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This cable 1 works fine to power a PCIE accelerator device (Intel N3000-N FGPA PAC) on Dell PowerEdge R720. The power connector that plugs into the riser seems to break power cable/port standards/conventions. This led to a lot of trouble for us when we decided to plug in the FPGA in a different server. I wanted to confirm if indeed Dell breaks the convention/standard.

Figure of the end that plugs in to the Dell server riser: Dell power cable

From this figure, we can see that pins 1,4,6,7 on the board must be square holes. We can also see that the yellow wires (assuming +12V, see below why this assumption is correct) are away from the notch (i.e. pins 1,2,3 are +12V).

The keying 1,4,6,7 square holes matches a CPU power port (the pinout does not). While the pinout 1,2,3 12V matches a PCIE power port. For reference the keying and pinout of standard CPU (EPS12V) and PCIE power ports are here: enter image description here

The cable is advertised as 8 pin CPU to 6/8 pin PCIE power cable. The 6/8pin PCIE end conforms to the standard. The CPU end which plugs into the motherboard has the keying/shape of the CPU port but the reverse wiring/pinout (i.e., wiring is as if it was a PCIE power port).

If indeed Dell mixed the standard. WHY WOULD THEY DO THIS? WHAT MOTIVATION DID THEY HAVE?

Why yellow wires must be 12V: This is the figure for the other end (6/8 pin PCIE) of the same cable: enter image description here

We can see that wires away from the notch (pins 1,2,3) are yellow. The FPGA documentation (page 8 of 5) clearly mentions pins 1,2,3 are 12V. Since the NIC works fine with this cable, it would mean that its getting the right power supply and so the yellow wires (1,2,3) must be 12V.

Edited: For more clarity, please refer to the image here: PCIE, EPS12V, and Dell MB power ports NOTE this image shows ports (female) not cables (male). The pin numbering is mirror image of the reference above which shows cables instead of ports.

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    \$\begingroup\$ Have you measured continuity to check that the pinout is as you expect? Otherwise, I expect it's probably more of Dell being intentionally incompatible with existing standards, as I've heard they often do... \$\endgroup\$
    – Hearth
    Oct 15, 2021 at 18:30
  • \$\begingroup\$ Likewise, this cable: store.supermicro.com/… is advertised as 8pin CPU to 8/6 pin GPU/PCIE. However, both the ends resemble the shape of PCIE port (1,7,8 square holes). Why such discrepancy? \$\endgroup\$ Oct 15, 2021 at 20:49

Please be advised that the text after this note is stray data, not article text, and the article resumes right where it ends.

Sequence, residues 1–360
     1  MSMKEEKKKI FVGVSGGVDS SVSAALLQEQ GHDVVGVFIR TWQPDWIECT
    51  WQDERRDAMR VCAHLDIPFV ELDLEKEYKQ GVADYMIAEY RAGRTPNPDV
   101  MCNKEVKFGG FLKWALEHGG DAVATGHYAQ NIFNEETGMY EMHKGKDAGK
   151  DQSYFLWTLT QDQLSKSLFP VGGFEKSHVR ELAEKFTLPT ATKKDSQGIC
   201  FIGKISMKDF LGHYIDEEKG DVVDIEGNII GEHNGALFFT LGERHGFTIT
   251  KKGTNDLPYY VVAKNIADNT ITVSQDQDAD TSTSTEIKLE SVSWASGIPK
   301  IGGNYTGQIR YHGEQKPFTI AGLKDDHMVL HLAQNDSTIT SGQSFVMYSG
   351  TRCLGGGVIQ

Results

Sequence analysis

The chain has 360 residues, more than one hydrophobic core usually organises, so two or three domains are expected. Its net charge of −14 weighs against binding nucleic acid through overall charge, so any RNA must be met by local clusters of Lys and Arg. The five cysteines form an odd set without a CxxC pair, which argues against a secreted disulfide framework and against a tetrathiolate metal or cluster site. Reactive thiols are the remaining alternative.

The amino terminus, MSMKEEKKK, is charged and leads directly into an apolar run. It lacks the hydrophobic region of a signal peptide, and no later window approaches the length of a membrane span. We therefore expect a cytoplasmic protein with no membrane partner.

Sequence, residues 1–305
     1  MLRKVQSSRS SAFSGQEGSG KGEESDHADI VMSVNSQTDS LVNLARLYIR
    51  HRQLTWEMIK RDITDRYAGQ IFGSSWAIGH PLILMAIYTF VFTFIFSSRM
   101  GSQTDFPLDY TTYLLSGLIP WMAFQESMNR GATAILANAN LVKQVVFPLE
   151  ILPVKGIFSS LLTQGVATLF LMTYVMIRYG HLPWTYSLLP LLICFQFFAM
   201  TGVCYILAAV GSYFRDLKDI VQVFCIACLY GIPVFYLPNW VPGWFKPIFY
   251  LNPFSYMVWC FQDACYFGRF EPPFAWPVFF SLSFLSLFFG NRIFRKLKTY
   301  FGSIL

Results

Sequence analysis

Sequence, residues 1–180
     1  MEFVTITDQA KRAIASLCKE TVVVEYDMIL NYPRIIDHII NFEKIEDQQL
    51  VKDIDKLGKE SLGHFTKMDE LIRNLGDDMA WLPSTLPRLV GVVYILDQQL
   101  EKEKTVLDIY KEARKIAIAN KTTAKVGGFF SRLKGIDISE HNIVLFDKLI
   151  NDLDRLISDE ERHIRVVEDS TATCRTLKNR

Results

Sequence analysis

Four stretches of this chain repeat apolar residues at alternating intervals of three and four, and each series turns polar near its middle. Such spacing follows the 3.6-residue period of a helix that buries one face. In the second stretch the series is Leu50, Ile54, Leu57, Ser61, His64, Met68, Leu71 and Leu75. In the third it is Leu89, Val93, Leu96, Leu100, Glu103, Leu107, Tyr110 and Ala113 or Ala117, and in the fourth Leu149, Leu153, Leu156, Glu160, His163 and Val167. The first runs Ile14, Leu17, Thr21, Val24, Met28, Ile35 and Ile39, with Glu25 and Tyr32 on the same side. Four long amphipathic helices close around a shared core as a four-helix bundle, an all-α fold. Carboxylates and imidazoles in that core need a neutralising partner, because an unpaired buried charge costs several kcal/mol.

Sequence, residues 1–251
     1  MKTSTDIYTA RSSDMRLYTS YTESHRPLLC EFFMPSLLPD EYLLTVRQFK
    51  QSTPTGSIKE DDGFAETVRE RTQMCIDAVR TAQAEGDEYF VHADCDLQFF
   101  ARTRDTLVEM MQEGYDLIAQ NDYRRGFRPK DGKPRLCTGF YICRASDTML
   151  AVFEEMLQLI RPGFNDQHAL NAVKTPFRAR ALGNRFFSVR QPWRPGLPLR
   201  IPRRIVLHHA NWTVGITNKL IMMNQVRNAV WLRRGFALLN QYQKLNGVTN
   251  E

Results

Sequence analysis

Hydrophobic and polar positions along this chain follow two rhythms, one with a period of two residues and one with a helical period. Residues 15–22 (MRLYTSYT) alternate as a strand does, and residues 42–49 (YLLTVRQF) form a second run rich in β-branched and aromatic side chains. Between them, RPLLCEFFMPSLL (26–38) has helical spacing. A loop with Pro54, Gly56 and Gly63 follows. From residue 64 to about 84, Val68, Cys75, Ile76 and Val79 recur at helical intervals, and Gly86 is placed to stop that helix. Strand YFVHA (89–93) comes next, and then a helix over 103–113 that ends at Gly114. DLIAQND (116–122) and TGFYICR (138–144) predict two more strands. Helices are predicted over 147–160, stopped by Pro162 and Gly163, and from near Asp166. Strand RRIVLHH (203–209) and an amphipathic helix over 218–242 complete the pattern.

• \$\begingroup\$ Hearth. I only see cable colors at both end points. I assume cables don't change colors in between. Based on this the pin layout is as described in my post. If dell intentionally violates standards, I think there should be a body that regulates/enforces these standards and penalizes violations. This may be too extreme though, I don't think for any standard there is penalty on violation, you just won't get customers for non-standard products. IDK whats the best solution around this. \$\endgroup\$ Oct 15, 2021 at 23:20
  • \$\begingroup\$ I would still double check with a multimeter set to continuity mode. But Dell has been violating standards on purpose for a while; as I recall they don't even use standard SATA connectors for hard drives in their prebuilt desktop PCs. \$\endgroup\$
    – Hearth
    Oct 16, 2021 at 2:24

1 Answer 1

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EPS-12V is a non-ATX server standard. It is used as a generic, high-performance 12V connection in servers and sees adoption in desktop supplies as well.

More here: https://forums.tomshardware.com/threads/what-is-eps12v.217277/

That said, it's simple enough to use an adapter cable to connect EPS-12V to 6- or 8-pin PCIe/GPU power. The sense lines are only used on the GPU side, and the pinning prevents plugging in the cable incorrectly.

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  • \$\begingroup\$ This does not answer my question. The dell cable has shape of EPS12V port, but the pinlayout (12V/GND) of the PCIE port. This seems to break the convention and I wanted to confirm if indeed dell breaks this convention. I understand that cables convert between different port types. My question is separate from EPS12V vs ATX. I want to understand what is the definition of the EPS12V port, the cable and standard image seem to disagree. \$\endgroup\$ Oct 15, 2021 at 20:52
  • \$\begingroup\$ The cable you're referring to is EPS-12V on one side and PCIe GPU on the other. There is no issue that I can see, the cable seems to solve your problem perfectly when the power supply is using EPS-12V standard. My desktop power supply also uses EPS-12V, and I use that same type of cable to power GPUs. \$\endgroup\$ Oct 15, 2021 at 21:19
  • \$\begingroup\$ I agree on one side it is PCIe GPU, IMO, the cable is NOT EPS12V on the other end. This end has same shape as EPS12V. But if you see the wiring closely, you will observe that yellow wires (+12V) are at the bottom (away from the center clicking notch, pins 1,2,3). Where as for EPS12V, the +12V pins are on the top (near the notch, pins 5,6,7,8). \$\endgroup\$ Oct 15, 2021 at 22:10
  • \$\begingroup\$ These are EPS12V (CPU) to PCIe GPU power cables: store.supermicro.com/…, store.supermicro.com/…. Notice that on the EPS12V (CPU) side (blue/white color connector) the green/yellow wires are near the notch (pins 5,6,7,8), i.e. opposite pin layout as the Dell cable, but same shape (pins 1,4,6,7 square hole). \$\endgroup\$ Oct 15, 2021 at 22:15
  • \$\begingroup\$ hacktastical please let me know if after my explanation you still think there is no discrepancy. \$\endgroup\$ Oct 15, 2021 at 23:02

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